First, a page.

A deal between the Maldives and Pakistan has reportedly riled India, which has been left wondering what its decades-long enemy can offer the tiny nation.
The agreement, signed late last month, is between the Maldives’ STELCO and Pakistan’s WAPDA and focuses on capacity building in the energy sector.
But the majority of current power infrastructure work in Pakistan relies heavily on China expertise and resources, not only finance.
Both the Maldives and Pakistan have close ties with China, which is pumping billions of dollars into New Delhi’s backyard through massive projects.
The Maldives is a newcomer when it comes to antagonising India, taking steps that have put bilateral relations under pressure, especially a controversial and widely condemned 45-day state of emergency.
“The simple fact is that (President Abdulla) Yameen, fully encouraged by his Chinese friends, is pushing India to test the limits of our power,” said Ravi Joshi, who served as an Indian diplomat in the Maldives. “He has imprisoned practically everyone who opposes him and has been assiduously working against our interest from the day we condemned his arbitrary ways,” he told the Economic Times.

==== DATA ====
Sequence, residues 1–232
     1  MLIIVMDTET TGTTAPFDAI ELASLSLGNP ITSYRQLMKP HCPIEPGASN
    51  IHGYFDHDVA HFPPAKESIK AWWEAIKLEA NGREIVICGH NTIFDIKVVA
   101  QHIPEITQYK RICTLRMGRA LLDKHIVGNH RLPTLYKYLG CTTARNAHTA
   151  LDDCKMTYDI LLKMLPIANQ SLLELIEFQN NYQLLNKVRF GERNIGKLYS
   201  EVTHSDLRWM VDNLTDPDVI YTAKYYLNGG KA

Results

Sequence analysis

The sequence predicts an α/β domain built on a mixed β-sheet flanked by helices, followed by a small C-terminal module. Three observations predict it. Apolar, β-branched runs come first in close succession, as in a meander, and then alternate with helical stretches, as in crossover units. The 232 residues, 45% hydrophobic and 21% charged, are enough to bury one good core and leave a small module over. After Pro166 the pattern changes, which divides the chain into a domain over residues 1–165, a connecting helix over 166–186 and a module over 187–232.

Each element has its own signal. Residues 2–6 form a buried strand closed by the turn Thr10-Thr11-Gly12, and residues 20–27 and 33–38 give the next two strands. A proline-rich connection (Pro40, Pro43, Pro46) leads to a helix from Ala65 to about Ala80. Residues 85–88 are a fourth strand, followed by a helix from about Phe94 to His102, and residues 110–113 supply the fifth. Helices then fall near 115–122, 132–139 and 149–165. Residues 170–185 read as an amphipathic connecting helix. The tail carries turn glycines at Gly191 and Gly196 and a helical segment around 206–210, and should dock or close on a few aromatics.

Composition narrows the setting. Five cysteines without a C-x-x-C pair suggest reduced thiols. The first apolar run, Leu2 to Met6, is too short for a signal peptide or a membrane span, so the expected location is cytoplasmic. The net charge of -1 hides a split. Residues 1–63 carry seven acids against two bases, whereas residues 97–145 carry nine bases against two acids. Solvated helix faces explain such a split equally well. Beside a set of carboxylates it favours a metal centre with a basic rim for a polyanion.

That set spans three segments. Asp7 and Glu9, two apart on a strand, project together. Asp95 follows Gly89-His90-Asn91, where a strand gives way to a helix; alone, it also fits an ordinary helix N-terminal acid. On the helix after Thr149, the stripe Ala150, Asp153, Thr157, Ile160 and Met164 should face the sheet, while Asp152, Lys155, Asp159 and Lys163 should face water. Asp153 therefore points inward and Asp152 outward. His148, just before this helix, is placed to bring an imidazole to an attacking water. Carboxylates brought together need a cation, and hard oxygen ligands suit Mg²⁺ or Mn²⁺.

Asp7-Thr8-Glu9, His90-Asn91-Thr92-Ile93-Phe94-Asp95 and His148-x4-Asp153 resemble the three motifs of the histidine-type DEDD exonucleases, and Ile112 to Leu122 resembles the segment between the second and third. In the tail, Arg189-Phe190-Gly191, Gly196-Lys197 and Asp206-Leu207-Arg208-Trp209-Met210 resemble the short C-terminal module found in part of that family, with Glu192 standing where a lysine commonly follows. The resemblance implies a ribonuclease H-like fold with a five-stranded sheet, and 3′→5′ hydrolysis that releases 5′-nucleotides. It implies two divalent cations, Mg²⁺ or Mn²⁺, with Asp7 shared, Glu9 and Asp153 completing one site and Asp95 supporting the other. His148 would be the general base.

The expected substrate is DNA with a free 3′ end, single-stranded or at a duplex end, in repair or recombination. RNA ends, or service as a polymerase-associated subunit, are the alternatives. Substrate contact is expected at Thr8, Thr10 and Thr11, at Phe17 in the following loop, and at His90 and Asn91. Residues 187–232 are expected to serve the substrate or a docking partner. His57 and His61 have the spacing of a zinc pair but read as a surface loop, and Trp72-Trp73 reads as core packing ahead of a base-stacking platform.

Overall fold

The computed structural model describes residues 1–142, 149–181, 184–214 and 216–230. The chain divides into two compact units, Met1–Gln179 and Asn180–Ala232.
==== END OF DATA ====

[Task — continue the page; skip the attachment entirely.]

China is backing mega projects in Pakistan, including coal-fired power plants, hydropower stations and wind farms, and there has been an influx of Chinese nationals hoping to tap into the infrastructure boom.
“Given its precarious financial situation, Pakistan cannot do much to help to the Maldives. But President Yameen is trying his best to reduce Indian footprint and bring in elements hostile to India to undermine Indian influence in the Maldives,” The Times of India quoted an Indian official as saying.